Why brands must refresh their approach to sustainability
There is a famous quote from Michel de Montaigne, a french renaissance philosopher, who observed that “there is no conversation more boring than the one where everybody agrees.”
So is there a conversation more boring than the subject of ‘sustainability’ is right now? This sounds controversial. But it’s not. It’s critically important to consider. Climate change, and the urgent need to develop more sustainable means of living, is one of the great challenges of our lifetime.
We have all heard the stats. Twenty of the warmest years on record have occurred in the last twenty-two years. Half of all amphibians are at risk of extinction due to climate change. Wildfires are proliferating and hurricanes are reaching new extremes.
We all want to make a difference. According to a report from Gartner, over 73% of UK consumers want to be more sustainable in 2021. This increased desire from consumers is in turn moving brands and businesses to action, with the same report finding that 96% of businesses said they are feeling increasing pressure to become more sustainable.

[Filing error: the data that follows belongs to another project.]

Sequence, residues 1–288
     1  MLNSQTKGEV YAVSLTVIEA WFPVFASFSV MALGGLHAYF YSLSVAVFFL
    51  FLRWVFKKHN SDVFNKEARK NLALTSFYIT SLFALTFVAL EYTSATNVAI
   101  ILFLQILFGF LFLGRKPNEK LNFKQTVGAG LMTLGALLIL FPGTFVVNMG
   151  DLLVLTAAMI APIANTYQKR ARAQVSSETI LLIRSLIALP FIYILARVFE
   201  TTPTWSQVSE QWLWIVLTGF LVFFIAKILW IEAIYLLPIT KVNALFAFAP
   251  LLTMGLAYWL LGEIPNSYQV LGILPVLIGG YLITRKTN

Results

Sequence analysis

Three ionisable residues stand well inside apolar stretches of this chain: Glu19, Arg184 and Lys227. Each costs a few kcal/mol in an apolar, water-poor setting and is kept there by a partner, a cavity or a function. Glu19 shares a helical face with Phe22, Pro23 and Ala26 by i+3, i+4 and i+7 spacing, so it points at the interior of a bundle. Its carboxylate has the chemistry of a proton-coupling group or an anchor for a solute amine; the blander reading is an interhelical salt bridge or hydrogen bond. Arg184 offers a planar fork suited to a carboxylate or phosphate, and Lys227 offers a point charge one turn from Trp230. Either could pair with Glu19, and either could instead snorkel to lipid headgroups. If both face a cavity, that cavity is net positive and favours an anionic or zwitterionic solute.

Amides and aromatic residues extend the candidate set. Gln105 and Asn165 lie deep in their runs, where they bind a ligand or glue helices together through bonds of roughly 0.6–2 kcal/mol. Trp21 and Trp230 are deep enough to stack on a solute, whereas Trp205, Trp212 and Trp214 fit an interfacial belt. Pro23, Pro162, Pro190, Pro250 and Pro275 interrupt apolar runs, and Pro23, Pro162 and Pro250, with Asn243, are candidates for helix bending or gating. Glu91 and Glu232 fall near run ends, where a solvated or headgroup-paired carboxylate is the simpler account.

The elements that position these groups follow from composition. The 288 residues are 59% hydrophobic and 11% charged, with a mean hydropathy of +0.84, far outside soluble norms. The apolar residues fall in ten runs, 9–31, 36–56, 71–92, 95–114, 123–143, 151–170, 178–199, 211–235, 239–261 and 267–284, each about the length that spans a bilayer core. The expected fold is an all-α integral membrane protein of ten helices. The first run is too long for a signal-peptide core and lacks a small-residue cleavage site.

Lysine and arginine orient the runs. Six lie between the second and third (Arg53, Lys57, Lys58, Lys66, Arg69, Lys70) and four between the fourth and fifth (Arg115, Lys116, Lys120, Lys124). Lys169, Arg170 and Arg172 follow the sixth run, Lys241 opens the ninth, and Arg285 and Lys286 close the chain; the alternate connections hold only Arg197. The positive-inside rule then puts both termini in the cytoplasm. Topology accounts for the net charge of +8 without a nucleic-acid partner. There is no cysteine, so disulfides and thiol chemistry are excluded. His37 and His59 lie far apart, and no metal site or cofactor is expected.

Brands and consumers all agree on the importance of sustainability. The problem is that when you all agree, things can become boring. Boring things don’t cut through – and they don’t change behaviour.
Safety and similarity
We are all now quite familiar with shared global priorities. COVID-19 has stolen the spotlight from other crises, vacuuming attention and investment as the world adapted to the ‘new normal’. It also illustrated how many brands do not know how to communicate or engage with our shared global issues.
The immediate response to the first lockdown, for many brands, was to communicate in exactly the same way. Mark Ritson pointed to brands ranging from Honda to Mirosoft to Mastercard, all dropping their pre-pandemic brand strategies to instead offer plinky platitudes such as ‘we are here for you’ or ‘we are all in this together’, delivered over equally plinky piano music.
As people, it is natural to seek safety in numbers when faced with a crisis. But for brands, there is no safety in sameness. Looking back now, can you remember any of these giant budget ads in any great detail?